Retired Lt. Gen. Richard Trefry Dies
Retired Lt. Gen. Richard Trefry Dies
Retired Lt. Gen. Richard Trefry, a veteran of World War II and Vietnam who spent 33 years in uniform and a longtime senior fellow of the Association of the U.S. Army, has died. He was 98.
“He was a remarkable Army officer with a long career stretching from World War II into the President George H.W. Bush administration, always proving himself to be a thoughtful leader and guide,” retired Gen. Bob Brown, AUSA president and CEO, said about Trefry. “We were very fortunate to have him as a member of the AUSA family. He’ll be greatly missed, but his legacy will live on and guide future generations.
Born in August 1924, Trefry began his Army career as an enlisted soldier, serving during World War II before attending the U.S. Military Academy at West Point, New York. Commissioned in 1950 as a field artillery officer, he served in Germany, Vietnam and Laos. Among his assignments was commanding an artillery battalion in Vietnam and later leading the Joint U.S. Military Advisory Group in Laos and serving as defense attaché to the country, where he contributed to the defeat of a coup d’état by exiled Laotian air force officers.
In the mid-1970s, Trefry served as the assistant Army deputy chief of staff for personnel, responsible for overseeing changes in the honor system at West Point after it was rocked by a cheating scandal.
In his final active-duty assignment, Trefry spent six years as the Army inspector general, revolutionizing general inspections and making management improvements. “By encouraging openness and a commitment to identifying problems and fixing them at the appropriate level, he had a profound positive effect on the readiness of the Army and the morale of its soldiers and subordinate leaders,” the West Point Association of Graduates said in a 2006 statement when Trefry was named a distinguished graduate.
“His impact was felt especially in the area of nuclear technical proficiency inspections where the goal of the inspection shifted from affixing micro blame to correcting macro processes. He accomplished all this by spending a great deal of time in the field, speaking with those who were the end users of the vehicles, weapons, ammunition, and other materiel of the Army and who would be tasked to employ them in the event of armed conflict.”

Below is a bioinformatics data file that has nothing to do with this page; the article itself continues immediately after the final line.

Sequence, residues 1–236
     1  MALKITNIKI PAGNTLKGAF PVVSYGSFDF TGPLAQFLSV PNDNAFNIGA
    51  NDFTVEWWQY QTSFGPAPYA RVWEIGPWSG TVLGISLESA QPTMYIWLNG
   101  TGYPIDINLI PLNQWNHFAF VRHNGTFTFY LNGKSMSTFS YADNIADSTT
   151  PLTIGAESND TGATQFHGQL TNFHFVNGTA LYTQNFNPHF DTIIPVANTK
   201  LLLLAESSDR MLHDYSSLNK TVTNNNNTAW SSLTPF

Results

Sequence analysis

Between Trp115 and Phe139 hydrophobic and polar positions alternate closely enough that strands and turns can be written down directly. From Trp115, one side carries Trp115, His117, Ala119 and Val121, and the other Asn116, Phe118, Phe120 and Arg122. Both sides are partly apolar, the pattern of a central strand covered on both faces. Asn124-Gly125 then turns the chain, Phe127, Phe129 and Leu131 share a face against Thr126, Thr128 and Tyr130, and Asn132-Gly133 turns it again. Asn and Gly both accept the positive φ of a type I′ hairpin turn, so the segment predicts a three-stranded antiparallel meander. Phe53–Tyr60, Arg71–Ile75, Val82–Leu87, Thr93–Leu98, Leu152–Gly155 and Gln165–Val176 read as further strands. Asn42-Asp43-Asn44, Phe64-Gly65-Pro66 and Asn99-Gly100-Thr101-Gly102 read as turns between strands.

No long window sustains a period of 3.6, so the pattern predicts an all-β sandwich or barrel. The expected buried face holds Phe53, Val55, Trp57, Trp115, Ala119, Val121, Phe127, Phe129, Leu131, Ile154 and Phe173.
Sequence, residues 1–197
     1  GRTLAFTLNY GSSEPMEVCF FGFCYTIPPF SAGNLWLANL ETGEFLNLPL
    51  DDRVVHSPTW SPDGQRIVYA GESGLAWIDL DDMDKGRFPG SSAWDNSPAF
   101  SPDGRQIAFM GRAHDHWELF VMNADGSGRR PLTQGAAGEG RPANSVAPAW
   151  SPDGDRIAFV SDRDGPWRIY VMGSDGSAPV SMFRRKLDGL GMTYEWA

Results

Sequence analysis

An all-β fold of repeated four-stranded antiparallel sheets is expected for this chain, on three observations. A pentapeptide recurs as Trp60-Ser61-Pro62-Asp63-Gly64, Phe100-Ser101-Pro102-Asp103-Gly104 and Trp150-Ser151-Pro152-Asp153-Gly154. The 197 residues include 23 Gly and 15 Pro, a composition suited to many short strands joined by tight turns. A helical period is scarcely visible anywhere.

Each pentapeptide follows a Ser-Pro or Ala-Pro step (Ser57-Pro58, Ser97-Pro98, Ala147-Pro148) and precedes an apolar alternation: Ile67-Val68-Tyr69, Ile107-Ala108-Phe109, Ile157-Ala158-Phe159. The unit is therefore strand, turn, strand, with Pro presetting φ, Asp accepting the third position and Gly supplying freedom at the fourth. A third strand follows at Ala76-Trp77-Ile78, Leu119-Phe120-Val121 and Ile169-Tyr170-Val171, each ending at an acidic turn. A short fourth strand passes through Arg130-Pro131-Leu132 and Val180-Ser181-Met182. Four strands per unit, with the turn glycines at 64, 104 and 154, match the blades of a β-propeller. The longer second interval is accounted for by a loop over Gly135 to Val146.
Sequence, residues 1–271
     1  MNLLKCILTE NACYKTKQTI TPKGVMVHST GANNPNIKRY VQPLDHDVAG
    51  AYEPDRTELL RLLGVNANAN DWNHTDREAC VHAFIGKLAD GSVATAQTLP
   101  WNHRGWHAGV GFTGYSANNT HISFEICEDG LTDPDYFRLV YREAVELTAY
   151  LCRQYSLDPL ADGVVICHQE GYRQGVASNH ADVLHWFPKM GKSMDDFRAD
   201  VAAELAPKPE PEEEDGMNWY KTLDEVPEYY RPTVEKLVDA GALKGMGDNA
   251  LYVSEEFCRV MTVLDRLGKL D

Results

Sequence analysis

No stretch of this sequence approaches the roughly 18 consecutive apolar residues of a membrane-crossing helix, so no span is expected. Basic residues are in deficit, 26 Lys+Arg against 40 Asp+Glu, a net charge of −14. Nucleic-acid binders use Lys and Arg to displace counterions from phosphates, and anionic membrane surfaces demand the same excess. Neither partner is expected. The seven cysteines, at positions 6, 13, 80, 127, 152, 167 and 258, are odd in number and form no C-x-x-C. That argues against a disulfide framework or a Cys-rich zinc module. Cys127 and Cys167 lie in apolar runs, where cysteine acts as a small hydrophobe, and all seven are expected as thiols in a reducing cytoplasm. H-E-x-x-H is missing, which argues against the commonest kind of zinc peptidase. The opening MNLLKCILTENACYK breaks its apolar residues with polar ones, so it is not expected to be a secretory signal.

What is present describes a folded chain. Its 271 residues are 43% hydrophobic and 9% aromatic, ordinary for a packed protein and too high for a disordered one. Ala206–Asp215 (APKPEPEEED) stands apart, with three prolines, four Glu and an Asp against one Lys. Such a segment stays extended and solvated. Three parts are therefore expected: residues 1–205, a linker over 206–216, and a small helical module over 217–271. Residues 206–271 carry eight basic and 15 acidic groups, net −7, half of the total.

Just last April, Trefry addressed more than 200 Army inspectors general virtually during the service’s annual Worldwide Inspector General Conference. “The principal function of an inspector general is to be the best teacher in the Army at whatever level he or she is serving,” Trefry said, according to an Army news release.
He retired from the Army in 1983.
Trefry spent two years, beginning in 1990, as director of the White House Military Office and the military assistant to President George H.W. Bush.
In 1995, he was founder and program manager of the Army Force Management School.
The Army in 2009 created and named a lifetime of service award after Trefry. The inaugural Lt. Gen. Richard G. Trefry Lifetime Service Award was presented to Trefry himself for his service in the Army and his accomplishments as a civilian. “I am deeply honored, and I was completely floored when they told me they were going to do this,” Trefry said at the time.
In retirement, he served as an AUSA senior fellow since 1984, and he was an officer and board member of Army Emergency Relief and a member of the Army War College Alumni Association.
He frequently taught and spoke on topics related to the Army profession.
In lieu of flowers, donations can be made to Army Emergency Relief.